Edmonton Oilers rookies offer anxious fans their first real hockey fix in months
Who will still be here when the season opens in early October? Let the guessing begin
The kids had their medicals and fitness tests on Thursday, then stepped into the media spotlight to tell everyone what they did on their summer holidays to prepare for what they hope is the next step on the road to the NHL.
After countless hours on the ice and untold grunts and groans in weight rooms, about two dozen young players came to Edmonton from all over the world to see if they have what it takes to play on the sport's biggest stage.
Some of the names and a few of the faces will be familiar to a rabid fan base looking forward to a new season while still smarting from last year's major letdown.
- Edmonton Oilers launch 40th anniversary 'retro' jersey, announce free fan event
- Favourites to fiasco: Why the season left the rails for the Edmonton Oilers
Evan Bouchard, the 10th overall pick at the NHL Entry Draft in June, is here to see if he's ready, at age 18, to step into a gaping hole created when veteran defenceman Andrej Sekera tore his Achilles tendon during off-season training, his second major injury in the past two seasons.
Winger Kailer Yamamoto, last year's first-round draft pick, is here to see how much he has progressed after spending nine games in the NHL last fall before finishing his final season of junior hockey with the Spokane Chiefs of the WHL.
Defenceman Ethan Bear, who made his NHL debut on March 1 and played the final 18 games of the 2017-18 season with the big team, is here to see if has what it takes earn a full-time spot.
Let the guessing games begin
Will any of them still be here when the season opens in early October?
Well, that's the fun part. Because no one knows.
Bouchard spent part of this summer at the World Junior Summer Showcase in Kamloops, B.C. That extra competition, he said, helped him prepare for rookie camp and the full-fledged training camp to follow.
It's an Evel Knievel-like jump for a defenceman to go straight from junior hockey to the NHL.
"I've been training to make that jump all summer," Bouchard said, when asked if he thought he was ready.
Asked about that leap, he said some of skills can be honed over the summer or in the coming training camp.
"I think you learn a lot of them here," he said. "Whether it's working on quick feet, working on gap control. Of course, there's stuff in games that happen that you can't learn during practice."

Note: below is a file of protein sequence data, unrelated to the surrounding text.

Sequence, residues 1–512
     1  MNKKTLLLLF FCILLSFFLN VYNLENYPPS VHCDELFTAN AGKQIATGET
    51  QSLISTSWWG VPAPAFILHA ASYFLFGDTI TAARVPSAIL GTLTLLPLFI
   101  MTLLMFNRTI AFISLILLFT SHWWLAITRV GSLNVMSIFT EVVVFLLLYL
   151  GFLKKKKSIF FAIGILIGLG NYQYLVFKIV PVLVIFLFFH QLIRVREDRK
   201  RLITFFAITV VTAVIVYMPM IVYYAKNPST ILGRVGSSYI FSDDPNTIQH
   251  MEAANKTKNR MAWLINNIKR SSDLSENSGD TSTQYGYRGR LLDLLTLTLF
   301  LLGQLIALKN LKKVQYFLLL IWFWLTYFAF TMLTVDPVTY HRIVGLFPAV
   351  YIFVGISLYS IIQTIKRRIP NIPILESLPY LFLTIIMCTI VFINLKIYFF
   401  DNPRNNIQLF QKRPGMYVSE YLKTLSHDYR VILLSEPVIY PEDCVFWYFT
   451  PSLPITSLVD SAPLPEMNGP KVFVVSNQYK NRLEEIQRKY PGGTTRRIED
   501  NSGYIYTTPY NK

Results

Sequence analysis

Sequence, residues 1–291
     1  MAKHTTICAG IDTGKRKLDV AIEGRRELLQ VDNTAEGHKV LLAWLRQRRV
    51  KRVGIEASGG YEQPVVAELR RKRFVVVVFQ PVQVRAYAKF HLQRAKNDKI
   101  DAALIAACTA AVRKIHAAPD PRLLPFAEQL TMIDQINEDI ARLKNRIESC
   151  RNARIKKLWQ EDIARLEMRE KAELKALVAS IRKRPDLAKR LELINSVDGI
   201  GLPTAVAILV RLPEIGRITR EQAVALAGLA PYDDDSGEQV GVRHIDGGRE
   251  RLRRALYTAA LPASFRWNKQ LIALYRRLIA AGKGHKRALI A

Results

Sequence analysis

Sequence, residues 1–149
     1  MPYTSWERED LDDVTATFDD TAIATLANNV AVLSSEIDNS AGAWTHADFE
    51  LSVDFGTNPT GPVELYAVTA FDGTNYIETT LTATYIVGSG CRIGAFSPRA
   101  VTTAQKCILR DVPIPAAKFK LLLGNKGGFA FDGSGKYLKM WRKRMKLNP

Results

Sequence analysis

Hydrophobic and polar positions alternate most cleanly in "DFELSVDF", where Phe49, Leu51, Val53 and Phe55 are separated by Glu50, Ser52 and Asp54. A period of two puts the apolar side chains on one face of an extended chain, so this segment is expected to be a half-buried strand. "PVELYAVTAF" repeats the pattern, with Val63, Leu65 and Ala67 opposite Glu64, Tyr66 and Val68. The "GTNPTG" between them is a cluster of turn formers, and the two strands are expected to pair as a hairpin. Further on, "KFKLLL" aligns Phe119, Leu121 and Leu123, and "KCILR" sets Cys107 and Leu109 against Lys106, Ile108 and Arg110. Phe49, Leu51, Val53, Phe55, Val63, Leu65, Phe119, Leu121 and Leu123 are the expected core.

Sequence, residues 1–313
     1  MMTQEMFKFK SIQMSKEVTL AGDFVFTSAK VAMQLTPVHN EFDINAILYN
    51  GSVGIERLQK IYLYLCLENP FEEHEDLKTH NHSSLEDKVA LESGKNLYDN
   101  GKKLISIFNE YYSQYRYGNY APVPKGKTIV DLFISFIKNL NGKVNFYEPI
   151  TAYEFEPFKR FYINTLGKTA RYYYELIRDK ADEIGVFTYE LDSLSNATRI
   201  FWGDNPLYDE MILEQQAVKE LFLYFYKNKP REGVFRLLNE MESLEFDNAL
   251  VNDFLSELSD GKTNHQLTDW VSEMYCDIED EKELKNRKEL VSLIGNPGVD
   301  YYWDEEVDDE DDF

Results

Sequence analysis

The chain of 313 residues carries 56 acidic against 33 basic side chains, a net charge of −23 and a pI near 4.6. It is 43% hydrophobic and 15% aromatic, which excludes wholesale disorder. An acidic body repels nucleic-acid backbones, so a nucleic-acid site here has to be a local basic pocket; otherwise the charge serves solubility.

The rookies will spend Friday and Saturday on the ice before travelling to Calgary to play the Flames rookies on Sunday. More practice comes next week, followed by a game against MacEwan University and NAIT players, then a rematch against Calgary in Red Deer on Wednesday.
Bear said he worked hard over the summer and learned a lot from his 18-game stint last spring.
"It showed me how hard I had to work," he said, "and what I had to improve on, strength-wise and conditioning-wise."
He spent six weeks with Oilers' skating coach David Pelletier, the former Olympic figure-skating champion, and also worked to better his gap-control and adjust to the faster NHL game.
"I wouldn't consider that I'm an NHL player yet," said Bear, who scored his first NHL goal March 25 against the Anaheim Ducks. "I've still got a lot of work to do."
'Younger and younger'
Scott Howson, the Oilers vice-president of player development, said management and coaching staff will face a lot of tough decisions over the next month.
He was asked if Yamamoto, Bouchard or Bear will be NHL-ready this year.
"This league is trending younger and younger," he said. "If a young player is ready to play, there will be room for him."
But each player, he said, will have to prove he can fill a spot and help the team over the coming days and weeks.
"With Kailer, you can see that there might be room on the wings," he said. "It's probably an area that we could use some scoring. But again, if he doesn't make it right away, it doesn't hurt him to go the America [Hockey] League for a little while either."
The wings Howson spoke of are principally on the right side of the ice, both on the top line with Connor McDavid and on the second line with Leon Draisaitl. The team struggled all last season to find players to fill those spots on something approaching a full-time basis.
Bouchard arrived in camp carrying his own expectations on top of those of the fans. He'll get his NHL-level feet wet at rookie camp and training camp, Howson said. Beyond that, the team will have to judge how best to handle the young man's development.
"You certainly don't want Evan Bouchard sitting here until Christmas, playing eight games, he said. "You want him playing somewhere if he's not playing here."
As for Bear, this is his fourth rookie camp, and he admitted he doesn't want to have to come back for a fifth. He had a tantalizing taste of the NHL this spring, Howson said.
" We all saw him have some success, and we all saw him have some trying moments. He'll have to again prove that he's ready to play and that you can sustain it. You don't want a player to come up here and play two games and then drop off. You've got to be able to sustain it. Is he ready to sustain it? He'll answer that."
Asked what he learned from McDavid and company during his nine games last fall, Yamamoto had this to say: "It's unbelievable how hard they work."
Let that stand, then, as a motto for all the rookies who hope to make their NHL dreams come true.